In the late 19th century the US was bursting with inventions and change. Planning begun in the 1850s for the Chicago World’s Fair was well under way, ushering in the Gilded Age of rapid industrial growth, design innovation and expansion of popular culture. A startlingly appropriate time for the girls’ cultural experiment to take place. Nimura, who moved to Japan for three years with her Japanese/American nesei husband, was adept at utilizing her keen sense of design and broad knowledge of the two disparate material cultures. She skillfully brought to life the vast differences between the two civilizations through masterful and insightful descriptions of clothing, hairstyles, furniture, interiors, architecture as well as the cities in which they existed. This, combined with her extensive research, presents the reader with many insights into the relations between the two countries and their intertwined histories through the lives of these exceptional girls and their extraordinary adventures.

As Miriam Kingsberg of the Los Angeles Review of Books wrote, “Daughters… is, perhaps, less a story of Japanese out of place in their country, than of women ahead of their time.” Laky adds that while she was a professor of art and design at the University of California, Davis, she encouraged her students to study abroad. “This book illustrates how education and experience in a foreign country enhances understanding of other cultures and peoples – perhaps more important today than in the 1870s and 80s. I believe travel also greatly inspires creativity.”

The Box Project, edited by Lyssa C.Stapleton (Cotsen Occasional Press, Los Angeles, 2016), “is one of the very best catalogs I have ever seen and not only the precious book binding!,” wrote Heidrun Schimmel. “I´m still reading the important essays again and again…and I´m learning again and again…” The Box Project is a limited edition book. It will be available at browngrotta.com next week. John McQueen wrote that The Hidden Life of Trees by Peter Wohlleben (Greystone Books, Vancouver, 2016), will change your next walk in the woods. “Trees will never seem the same again. This is a scientific study on how trees communicate with each other among many other things that I, for one, never thought about.”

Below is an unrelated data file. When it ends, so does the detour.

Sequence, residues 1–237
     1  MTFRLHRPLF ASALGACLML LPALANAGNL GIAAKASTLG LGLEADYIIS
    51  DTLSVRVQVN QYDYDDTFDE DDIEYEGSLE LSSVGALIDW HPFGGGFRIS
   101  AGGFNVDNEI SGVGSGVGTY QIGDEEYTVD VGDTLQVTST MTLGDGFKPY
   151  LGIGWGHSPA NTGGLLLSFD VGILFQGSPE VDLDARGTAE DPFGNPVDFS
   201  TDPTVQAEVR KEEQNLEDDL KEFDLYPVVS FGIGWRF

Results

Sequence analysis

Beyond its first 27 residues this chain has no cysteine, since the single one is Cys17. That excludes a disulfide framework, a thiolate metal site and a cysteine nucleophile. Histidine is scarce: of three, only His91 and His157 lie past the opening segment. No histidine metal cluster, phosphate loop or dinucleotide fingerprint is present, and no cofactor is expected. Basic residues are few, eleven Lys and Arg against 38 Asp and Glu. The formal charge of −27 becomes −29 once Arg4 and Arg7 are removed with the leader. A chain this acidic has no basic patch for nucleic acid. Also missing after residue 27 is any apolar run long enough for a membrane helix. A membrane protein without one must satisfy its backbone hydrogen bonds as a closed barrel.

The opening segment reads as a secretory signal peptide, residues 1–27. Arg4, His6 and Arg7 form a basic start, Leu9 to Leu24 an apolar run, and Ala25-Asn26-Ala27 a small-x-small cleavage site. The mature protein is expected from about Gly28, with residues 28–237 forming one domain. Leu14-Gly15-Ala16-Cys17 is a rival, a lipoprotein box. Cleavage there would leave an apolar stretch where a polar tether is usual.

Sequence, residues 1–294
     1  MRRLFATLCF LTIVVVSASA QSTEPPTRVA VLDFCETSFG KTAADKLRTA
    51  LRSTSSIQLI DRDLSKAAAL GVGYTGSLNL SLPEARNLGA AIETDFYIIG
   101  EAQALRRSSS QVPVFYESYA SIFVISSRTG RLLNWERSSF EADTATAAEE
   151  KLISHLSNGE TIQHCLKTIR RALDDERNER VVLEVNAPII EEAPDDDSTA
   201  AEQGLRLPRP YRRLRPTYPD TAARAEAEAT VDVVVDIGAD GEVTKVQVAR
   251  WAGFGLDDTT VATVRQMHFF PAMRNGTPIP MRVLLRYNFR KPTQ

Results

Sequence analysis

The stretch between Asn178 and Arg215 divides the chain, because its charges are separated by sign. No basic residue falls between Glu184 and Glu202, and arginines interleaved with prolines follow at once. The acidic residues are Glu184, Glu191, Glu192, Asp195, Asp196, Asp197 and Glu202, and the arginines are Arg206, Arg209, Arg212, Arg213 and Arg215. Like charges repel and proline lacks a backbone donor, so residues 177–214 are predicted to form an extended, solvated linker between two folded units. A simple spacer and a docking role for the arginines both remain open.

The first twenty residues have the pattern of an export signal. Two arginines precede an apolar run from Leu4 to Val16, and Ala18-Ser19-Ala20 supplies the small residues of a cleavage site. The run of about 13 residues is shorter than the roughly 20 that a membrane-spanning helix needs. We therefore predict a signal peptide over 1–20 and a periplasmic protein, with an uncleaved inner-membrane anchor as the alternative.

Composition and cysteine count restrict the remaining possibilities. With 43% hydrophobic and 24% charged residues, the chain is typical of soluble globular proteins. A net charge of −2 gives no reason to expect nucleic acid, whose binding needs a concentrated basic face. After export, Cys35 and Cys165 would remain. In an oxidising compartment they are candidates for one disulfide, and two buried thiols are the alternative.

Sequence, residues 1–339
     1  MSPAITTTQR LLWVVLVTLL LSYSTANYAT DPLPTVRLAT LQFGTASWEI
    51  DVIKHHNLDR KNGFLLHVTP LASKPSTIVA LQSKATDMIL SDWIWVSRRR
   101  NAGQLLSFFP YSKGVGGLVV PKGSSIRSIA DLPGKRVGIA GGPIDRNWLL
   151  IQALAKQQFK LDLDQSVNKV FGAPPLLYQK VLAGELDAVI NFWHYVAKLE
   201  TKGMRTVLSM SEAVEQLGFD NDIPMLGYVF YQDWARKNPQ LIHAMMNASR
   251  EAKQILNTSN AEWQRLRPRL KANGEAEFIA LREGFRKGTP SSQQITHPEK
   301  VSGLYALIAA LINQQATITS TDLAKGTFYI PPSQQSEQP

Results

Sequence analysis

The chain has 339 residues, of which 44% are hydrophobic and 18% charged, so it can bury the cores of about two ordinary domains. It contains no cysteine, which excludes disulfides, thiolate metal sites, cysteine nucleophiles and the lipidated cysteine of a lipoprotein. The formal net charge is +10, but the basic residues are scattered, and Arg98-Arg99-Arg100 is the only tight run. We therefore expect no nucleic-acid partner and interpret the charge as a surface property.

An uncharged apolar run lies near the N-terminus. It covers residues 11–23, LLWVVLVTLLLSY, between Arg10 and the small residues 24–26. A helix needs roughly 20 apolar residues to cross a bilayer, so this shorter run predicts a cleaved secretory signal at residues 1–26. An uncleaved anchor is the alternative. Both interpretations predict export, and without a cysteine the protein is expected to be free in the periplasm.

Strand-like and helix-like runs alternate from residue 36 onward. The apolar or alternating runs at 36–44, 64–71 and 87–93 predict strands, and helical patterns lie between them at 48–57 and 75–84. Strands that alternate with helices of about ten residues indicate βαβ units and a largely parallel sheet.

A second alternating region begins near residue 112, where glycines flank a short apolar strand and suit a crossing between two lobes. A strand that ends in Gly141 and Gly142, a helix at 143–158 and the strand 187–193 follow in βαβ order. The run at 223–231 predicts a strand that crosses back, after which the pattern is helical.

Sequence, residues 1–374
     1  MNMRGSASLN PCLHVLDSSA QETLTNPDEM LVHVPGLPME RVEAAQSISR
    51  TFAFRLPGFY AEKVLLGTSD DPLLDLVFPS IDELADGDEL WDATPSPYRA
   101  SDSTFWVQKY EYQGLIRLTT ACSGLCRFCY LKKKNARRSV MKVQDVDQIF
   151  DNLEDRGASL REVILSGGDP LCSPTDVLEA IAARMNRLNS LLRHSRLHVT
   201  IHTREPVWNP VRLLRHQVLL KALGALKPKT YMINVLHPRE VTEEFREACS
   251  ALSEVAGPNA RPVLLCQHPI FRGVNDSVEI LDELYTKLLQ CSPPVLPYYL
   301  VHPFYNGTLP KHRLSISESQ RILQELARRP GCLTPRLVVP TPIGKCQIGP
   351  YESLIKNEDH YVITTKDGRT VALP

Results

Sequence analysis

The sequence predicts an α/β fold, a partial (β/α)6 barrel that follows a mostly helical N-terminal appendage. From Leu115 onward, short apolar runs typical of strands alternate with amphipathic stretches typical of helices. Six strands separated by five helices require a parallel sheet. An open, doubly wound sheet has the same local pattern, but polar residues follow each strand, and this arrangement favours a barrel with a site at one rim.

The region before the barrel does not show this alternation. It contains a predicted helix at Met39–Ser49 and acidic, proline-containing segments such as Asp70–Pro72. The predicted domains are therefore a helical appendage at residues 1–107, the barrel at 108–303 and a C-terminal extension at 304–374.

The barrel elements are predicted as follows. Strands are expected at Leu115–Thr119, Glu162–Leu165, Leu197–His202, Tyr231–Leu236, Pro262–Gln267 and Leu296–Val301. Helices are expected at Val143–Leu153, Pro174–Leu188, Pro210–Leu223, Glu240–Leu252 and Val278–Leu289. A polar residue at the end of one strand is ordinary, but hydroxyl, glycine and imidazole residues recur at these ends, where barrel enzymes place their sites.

Currently, Jane Balsgaard is reading The Wind is my Mother: The Life and Teachings of a Native American Shaman by Marcellus “Bear Heart” Williams and Molly Larkin (revised edition, Berkeley Publishing Group, New York 2012) and Diary of an Stupid Man, by Uschi Tech, published in Denmark by Forlaget Helle.
It is a sad and exciting story about a typical lonely man in today’s Denmark, she wrote. “Written in a wonderful language – so one can just imagine him, by reading it and it is just as sad as StonerMary Merkel-Hess has three recommedations. “I heard Cornelia Mutel read from her book, A Sugar Creek Chronicle: Observing Climate Change from a Midwestern Woodland (University Of Iowa Press, Iowa City, 2016), last March just after it was published” she writes. “I bought it immediately. Connie Mutel is a trained scientist but in this book she has written a very personal account of climate change occurring in her own small woodland here in Johnson County, Iowa. She has woven stories of her own life into observations of the possibly irreversible changes that are happening around us. It is a beautifully written and thoughtful book, but not a hopeless one. She ends with a discussion of things that we can do and strategies for our policymakers.”
Her second recommendation is Food Power: the Rise and Fall of the American Postwar Food System by Bryan L. McDonald. Bryan is Merkel-Hess’s son-in-law, a history professor at Penn State and long-time student of security issues. This book details how the unprecedented abundance of food mid-century was used to advance U.S. goals and values around the world. That food can influence global policy is an issue that Merkel-Hess never considered until now, but one she found fascinating.
The third book, is one for the Sinophiles and academically inclined among us, is The Rural Modern: Constructing the Self and State in Republican China by Kate Merkel-Hess. Merkel-Hess has another academic connection: Kate is her daughter and also a history professor at Penn State. This book about rural reform in China before the Communist revolution documents a desire for modernity rooted in Chinese rural traditions and institutions. Merkel-Hess found it interesting that American foundation money and the YMCA were involved in these early modernizing efforts.
We also have two limited-edition, artist-designed books to highlight: Judy Mulford: 80 Chairs by Judy Mulford and Marian Bijlenga: Miniatures, An autobiographical archive reflecting 30 years of work by Marian Bijlenga. In each case, the artist has created a reflective work — celebrating a full and accomplished career. The books are available at http://www.browngrotta.com/Pages/books.php.

As always, enjoy!


Dispatches: Los Angeles for The Box Project Exhibition at the Fowler Museum

In the 2000s, collector Lloyd Cotsen and his then-curator the late Mary Kahelberg began what would become The Box Project: Uncommon Threads, commissioning 36 international, contemporary artists to work within a given set of parameters. They were challenged to work within the confines of an archival box—to create one-of-a-kind works of art. What followed were years of fascinating correspondence with the artists who would participate in the project. As expected, each interpreted the challenge in his or her own way, resulting in an exceedingly diverse collection of works that reflects the artists’ skill and creativity. Most of the pieces in the show are presented in their accompanying 23″ by 14″ by 3” or 14” by 14″ by 3″ boxes.